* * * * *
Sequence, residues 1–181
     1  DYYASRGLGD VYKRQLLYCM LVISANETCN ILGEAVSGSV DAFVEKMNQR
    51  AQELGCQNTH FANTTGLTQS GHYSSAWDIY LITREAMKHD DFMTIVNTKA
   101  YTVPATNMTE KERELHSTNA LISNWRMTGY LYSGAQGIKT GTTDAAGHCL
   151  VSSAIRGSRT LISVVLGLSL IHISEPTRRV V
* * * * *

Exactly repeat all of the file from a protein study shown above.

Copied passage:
Sequence, residues 1–181
     1  DYYASRGLGD VYKRQLLYCM LVISANETCN ILGEAVSGSV DAFVEKMNQR
    51  AQELGCQNTH FANTTGLTQS GHYSSAWDIY LITREAMKHD DFMTIVNTKA
   101  YTVPATNMTE KERELHSTNA LISNWRMTGY LYSGAQGIKT GTTDAAGHCL
   151  VSSAIRGSRT LISVVLGLSL IHISEPTRRV V